Okay. Let's pretend.

Let's pretend that suddenly, a new poll emerges that shows Evan McMullin making a massive surge in popularity. Suddenly, people ARE voting for him, suddenly he's actually a real threat to Trump and Clinton. What then? Would you change your mind then, once you saw he actually had a chance?

If you say "Yes, if I saw that he had a chance, then I would," then I need you to recognize something:

You have just told me that you are the kind of person who can't make a good decision unless you see others doing it first. You are a follower. You are a sheep. You want to do the right thing, but you don't- not unless others are doing it too. You wait until you see what everyone else is doing and then you act.

You are the one who waits for someone else to raise their hand and say, "Um, excuse me, I don't think this is right." Then you look around and wait to see what everyone else does. Then, if you can rest assured you will be nicely hidden among the masses, only then, do you raise your hand and add your voice to theirs.

That might be a hard truth for you to hear, but it's the truth.

In this pretend poll-flipping scenario, Evan McMullin is still Evan McMullin. Donald Trump is still Donald Trump. The only thing that has changed is what everybody else is doing. 

Do you really want to be that person who only acts after they wait to see what everybody else is doing? Because right now, if everyone who says they would vote for Evan McMullin if he only had a chance to win would actually vote for Evan McMullin, you know what? He might actually have a chance to win, or at least throw a big enough wrench in the system to make a significant statement to the nation about what we as Americans expect from our leaders.

But they won't vote for him. Because they're scared. Because they're looking around at everyone else and seeing which way the crowd is going and quietly sliding in amongst the masses where it's safe and comfortable. They won't move away from the crowd unless someone else- a LOT of someone elses- do it first. And that's just sad.

If this is you, and you are just going along with the crowd, I urge you to think about who you are and who you want to be.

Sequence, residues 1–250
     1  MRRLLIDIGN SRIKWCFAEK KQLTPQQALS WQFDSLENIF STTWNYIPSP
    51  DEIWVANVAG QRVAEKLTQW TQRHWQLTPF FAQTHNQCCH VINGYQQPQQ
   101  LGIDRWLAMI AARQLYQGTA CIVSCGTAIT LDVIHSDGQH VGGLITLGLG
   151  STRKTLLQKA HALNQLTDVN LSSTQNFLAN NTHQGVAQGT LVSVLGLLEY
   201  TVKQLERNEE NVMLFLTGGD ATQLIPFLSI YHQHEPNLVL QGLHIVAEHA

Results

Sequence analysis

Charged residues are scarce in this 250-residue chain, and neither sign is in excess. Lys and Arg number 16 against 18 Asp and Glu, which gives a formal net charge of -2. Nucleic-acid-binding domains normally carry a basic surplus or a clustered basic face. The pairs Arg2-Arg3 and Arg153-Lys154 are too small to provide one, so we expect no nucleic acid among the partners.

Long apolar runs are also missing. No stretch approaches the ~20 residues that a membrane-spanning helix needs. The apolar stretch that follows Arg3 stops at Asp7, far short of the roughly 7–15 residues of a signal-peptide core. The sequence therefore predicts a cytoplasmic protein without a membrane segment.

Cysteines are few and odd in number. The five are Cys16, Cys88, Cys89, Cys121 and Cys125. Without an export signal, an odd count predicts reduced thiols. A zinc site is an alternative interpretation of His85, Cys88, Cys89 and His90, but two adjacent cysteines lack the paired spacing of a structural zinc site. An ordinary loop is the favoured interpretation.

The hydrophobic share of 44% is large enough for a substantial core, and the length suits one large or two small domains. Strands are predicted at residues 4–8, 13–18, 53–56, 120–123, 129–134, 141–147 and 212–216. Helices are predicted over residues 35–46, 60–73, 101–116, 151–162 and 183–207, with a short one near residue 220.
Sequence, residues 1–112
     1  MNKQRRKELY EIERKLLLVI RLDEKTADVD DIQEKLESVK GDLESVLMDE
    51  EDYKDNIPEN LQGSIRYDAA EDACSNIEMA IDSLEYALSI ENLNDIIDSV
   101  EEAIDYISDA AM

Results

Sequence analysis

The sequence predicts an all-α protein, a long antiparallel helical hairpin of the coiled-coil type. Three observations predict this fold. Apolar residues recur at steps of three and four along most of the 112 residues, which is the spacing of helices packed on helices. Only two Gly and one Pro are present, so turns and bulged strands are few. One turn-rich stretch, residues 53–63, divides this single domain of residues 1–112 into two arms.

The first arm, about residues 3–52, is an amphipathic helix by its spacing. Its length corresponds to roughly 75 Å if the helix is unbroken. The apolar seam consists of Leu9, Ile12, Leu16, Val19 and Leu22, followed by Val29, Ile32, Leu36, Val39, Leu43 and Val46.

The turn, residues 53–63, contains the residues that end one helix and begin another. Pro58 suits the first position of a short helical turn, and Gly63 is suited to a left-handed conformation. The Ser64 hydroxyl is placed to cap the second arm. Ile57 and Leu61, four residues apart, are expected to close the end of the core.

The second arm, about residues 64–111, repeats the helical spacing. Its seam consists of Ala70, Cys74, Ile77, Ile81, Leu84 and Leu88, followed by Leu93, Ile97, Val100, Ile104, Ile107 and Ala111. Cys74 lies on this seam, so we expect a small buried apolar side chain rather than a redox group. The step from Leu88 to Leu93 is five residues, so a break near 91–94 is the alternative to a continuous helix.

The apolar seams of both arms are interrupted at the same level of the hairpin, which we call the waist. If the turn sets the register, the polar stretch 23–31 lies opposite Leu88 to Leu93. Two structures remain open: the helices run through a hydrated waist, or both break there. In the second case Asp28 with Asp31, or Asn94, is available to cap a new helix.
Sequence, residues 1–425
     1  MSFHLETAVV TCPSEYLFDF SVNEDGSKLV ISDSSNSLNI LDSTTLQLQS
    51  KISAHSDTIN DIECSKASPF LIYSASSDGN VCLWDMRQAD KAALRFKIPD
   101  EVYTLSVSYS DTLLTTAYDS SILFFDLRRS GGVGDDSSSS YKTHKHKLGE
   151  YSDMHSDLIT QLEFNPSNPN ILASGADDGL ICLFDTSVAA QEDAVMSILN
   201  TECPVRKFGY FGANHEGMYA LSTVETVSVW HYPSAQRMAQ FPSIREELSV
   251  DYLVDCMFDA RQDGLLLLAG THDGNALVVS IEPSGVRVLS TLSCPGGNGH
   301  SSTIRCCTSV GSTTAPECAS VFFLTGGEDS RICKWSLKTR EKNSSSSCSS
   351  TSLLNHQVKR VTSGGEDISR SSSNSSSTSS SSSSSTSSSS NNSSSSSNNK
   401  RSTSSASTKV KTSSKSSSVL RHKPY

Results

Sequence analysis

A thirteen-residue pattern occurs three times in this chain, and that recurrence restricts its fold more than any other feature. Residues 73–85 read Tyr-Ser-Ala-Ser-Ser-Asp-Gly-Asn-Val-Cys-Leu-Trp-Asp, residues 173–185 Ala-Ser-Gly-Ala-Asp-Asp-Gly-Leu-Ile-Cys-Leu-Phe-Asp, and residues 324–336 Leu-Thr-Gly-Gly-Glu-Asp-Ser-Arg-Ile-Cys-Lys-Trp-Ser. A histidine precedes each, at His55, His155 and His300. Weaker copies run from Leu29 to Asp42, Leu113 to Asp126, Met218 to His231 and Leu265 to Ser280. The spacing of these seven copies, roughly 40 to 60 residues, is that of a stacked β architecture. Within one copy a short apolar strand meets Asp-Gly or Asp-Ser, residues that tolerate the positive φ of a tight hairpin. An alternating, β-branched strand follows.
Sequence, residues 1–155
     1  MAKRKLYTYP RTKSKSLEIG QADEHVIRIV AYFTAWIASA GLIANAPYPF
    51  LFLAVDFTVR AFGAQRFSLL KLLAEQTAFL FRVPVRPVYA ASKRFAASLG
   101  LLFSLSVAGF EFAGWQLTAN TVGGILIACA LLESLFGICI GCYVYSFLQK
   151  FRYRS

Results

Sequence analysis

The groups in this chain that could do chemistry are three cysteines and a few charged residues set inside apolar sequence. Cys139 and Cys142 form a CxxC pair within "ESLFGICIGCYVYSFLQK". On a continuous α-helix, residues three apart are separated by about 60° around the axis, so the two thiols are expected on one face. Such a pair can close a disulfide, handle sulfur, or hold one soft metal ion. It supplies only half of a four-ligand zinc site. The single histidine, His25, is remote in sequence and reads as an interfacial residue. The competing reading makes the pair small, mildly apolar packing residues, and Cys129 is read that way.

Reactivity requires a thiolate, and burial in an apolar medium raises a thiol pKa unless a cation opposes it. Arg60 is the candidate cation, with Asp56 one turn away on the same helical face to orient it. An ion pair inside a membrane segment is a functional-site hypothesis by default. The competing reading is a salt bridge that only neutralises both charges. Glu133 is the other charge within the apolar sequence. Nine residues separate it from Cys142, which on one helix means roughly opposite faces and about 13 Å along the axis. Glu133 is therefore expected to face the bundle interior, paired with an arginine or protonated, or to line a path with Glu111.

I can tell you that I won't be that person waiting for everyone else to make my choice for me. I will stand with Evan McMullin, even if it means I'm standing alone. I refuse to hide in the crowd and wait to be told what to do.

I hope you'll do the same.

Thursday, September 29, 2016

I Don't Stand In Line.

With the total train wreck that this presidential election has been, I can at least say that it has taught me something about myself, something that I don't think I really knew in a concrete way before. And that is this:

I don't stand in line.

Something that drives me crazy about politics is the number of people who blindly follow. They swallow whatever narrative their party is giving them, or whatever narrative the media is giving them, and they just obediently follow along, trumpeting the merits of their candidate and vehemently denouncing the other. If you were to ask these people why they were doing what they're doing, why their candidate is good and the other is bad, I can guarantee you that only a small percentage would be able to do anything more than parrot whatever it is they've heard people say on TV or social media. The majority flood social media and their friends' (and enemies') ears with emotionally-charged rhetoric that they cannot back up with facts:

"Hillary is a criminal!"

"Trump is sexist!"

"If I vote for anyone else it's a total waste! The bad party will win!"

And if you dare to question them, if you dare to ask them to back up their statements with something so outrageous as facts and reason, you will be kicked to the curb and labeled an enemy.